Organized Insurrection in the Interest of Rebellion~July 1863~the 13th and 14th

Organized Insurrection in the Interest of the Rebellion~George Templeton Strong.

Riot and mayhem grip new York City. What begins as an anti-draft protest quickly becomes a racist campaign of violence against African Americans and contains elements of class struggle as vandalism and looting increase. Sir Arthur Fremantle, on his way home to England after witnessing the battle at Gettysburg, becomes an eye witness to the riots. [In his account of his time in the country which he will publish next year in England, he will steadfastly predict victory for the Confederacy.] Some observers predict another battle between Lee and Meade. President Lincoln congratulates General Grant.

July 13– Monday– South Norwalk, Connecticut– Birth of Mary Emma Woolley, educator who will become president of Mount Holyoke College, 1901 to 1937. She will also become a peace advocate, suffragist, a vice-chairperson of the American Civil Liberties Union and a president of the American Association of University Women.

Dr Mary Emma Woolley

Dr Mary Emma Woolley

July 13– Monday– New York City–Rioting erupts as workers, many Irish immigrants, turn violent in response to the draft. At mid-morning a mob of around 500 people, aroused by anti-draft speeches from several agitators. attack the office where the draft is taking place. As the mob increases in numbers the violence gets out of hand. They cut telegraph wires, collect weapons, stop traffic in a number of streets, attack John Kennedy, the Superintendent of Police and stone the homes of police officers. Taking advantage of increasing chaos some rioters plunder jewelry, hardware, and liquor stores, eight draft offices, and vandalize the offices of Horace Greeley’s Tribune. Others burn the armory, although doing it so carelessly that some of their own people perish in the blase. About 4:00 PM, protesters loot and set fire to the Colored Orphan Asylum. The children are safely evacuated. The focus shifts from an anti-draft protest to one of racial violence against black people. A gang led by an Irish immigrant named John Nicholson attack and lynch William Jones, a black man, then burn his body. Peter Heuston, a member of Mohawk people, is taken for an African-American and badly beaten. [Two weeks later Heuston will die in the hospital.] Uncontrolled rioters burn the homes and shops of black people. A number of black persons are killed or injured. Because the New York State Militia had been sent to assist Union troops in Pennsylvania, the local police are left to suppress the riots.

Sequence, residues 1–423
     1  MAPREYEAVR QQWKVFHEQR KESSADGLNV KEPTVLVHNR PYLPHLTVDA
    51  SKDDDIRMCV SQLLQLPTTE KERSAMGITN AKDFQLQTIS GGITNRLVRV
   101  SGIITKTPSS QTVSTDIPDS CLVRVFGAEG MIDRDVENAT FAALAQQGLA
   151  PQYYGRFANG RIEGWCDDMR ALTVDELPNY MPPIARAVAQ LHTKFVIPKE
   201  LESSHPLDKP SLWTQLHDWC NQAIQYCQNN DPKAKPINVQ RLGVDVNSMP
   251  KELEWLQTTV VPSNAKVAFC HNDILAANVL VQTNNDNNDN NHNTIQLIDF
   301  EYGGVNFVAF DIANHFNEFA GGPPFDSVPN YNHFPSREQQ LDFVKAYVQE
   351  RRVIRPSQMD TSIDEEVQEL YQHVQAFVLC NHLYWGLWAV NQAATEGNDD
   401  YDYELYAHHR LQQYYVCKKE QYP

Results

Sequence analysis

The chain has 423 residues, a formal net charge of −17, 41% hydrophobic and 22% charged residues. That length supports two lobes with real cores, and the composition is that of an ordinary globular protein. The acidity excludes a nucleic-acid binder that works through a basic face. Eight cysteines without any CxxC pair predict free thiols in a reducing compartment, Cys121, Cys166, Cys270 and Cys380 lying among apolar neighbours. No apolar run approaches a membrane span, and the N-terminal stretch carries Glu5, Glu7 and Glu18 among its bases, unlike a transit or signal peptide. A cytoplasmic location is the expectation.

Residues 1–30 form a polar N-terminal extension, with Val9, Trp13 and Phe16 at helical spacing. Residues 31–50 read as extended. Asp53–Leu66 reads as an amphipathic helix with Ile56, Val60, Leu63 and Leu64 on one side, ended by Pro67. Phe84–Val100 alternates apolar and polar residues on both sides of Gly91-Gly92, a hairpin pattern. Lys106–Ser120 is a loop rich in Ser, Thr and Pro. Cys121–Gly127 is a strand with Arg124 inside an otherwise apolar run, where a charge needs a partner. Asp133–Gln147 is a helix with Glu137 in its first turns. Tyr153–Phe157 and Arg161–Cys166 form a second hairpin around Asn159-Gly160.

rioting in New York City

rioting in New York City

July 13– Monday– New York City– George Templeton Strong renders an opinion about the day’s rioting. “The fury of the low Irish women in that region [the area around Lexington & 45th] was noteworthy. Stalwart young vixens and withered old hags were swarming everywhere, all cursing the ‘bloddy draft’ and egging on their men to mischief. . . . If a quarter one hears be true, this is an organized insurrection in the interest of the rebellion and Jefferson Davis rules New York today. . . . . We telegraphed, two or three of us, from General Wood’s rooms, to the President, begging that troops be sent on and stringent measures taken. The great misfortune is that nearly all our militia regiments have been dispatched to Pennsylvania.”

July 13– Monday– New York City– Martha Perry, nursing her injured husband, an officer from the 20th Massachusetts, describes what she saw and hear. “In the early morning, I heard loud and continued cheers at the head of the street, and supposed it must be news of some great victory. In considerable excitement I hurried downstairs to hear particulars, but soon found that the shouts came from the rioters who were on their way to work. About noon that same day we became aware of a confused roar; as it increased, I flew to my window, and saw rushing up Lexington Avenue, within a few paces of our house, a great mob of men, women and children . . . . At all points fires burst forth, and that night the city was illuminated by them. I counted from the roof of our house five fires just about us.”

fighting in the streets of New York

fighting in the streets of New York

 July 13– Monday– New York City– Having reached the city by train from Philadelphia last night, Sir Arthur James Fremantle witnesses another key series of events. “The luxury and comfort of New York and Philadelphia strike one as extraordinary after having lately come from Charleston and Richmond. The greenbacks seem to be nearly as good as gold. The streets are as full as possible of well-dressed people, and are crowded with able-bodied civilians capable of bearing arms, who have evidently no intention of doing so.– They apparently don’t feel the war at all here; and until there is a grand smash with their money, or some other catastrophe to make them feel it, I can easily imagine that they will not be anxious to make peace. I walked the whole distance of Broadway to the Consul’s house, and nothing could exceed the apparent prosperity; . . . . On returning to the Fifth Avenue [Hotel], I found all the shopkeepers beginning to close their stores, and I perceived by degrees that there was great alarm about the resistance to the draft which was going on this morning. On reaching the hotel I perceived a whole block of buildings on fire close by: engines were present, but were not allowed to play by the crowd. In the hotel itself, universal consternation prevailed, and an attack by the mob had been threatened. I walked about in the neighborhood, and saw a company of soldiers on the march, who were being jeered at and hooted by small boys, and I saw a Negro pursued by the crowd take refuge with the military; he was followed by loud cries of ‘Down with the b—-y n*****! Kill all n******!’ &c. Never having been in New York before, and being totally ignorant of the state of feeling with regard to Negroes, I inquired of a bystander what the Negroes had done that they should want to kill them? He replied civilly enough–“Oh sir, they hate them here; they are the innocent cause of all these troubles.’”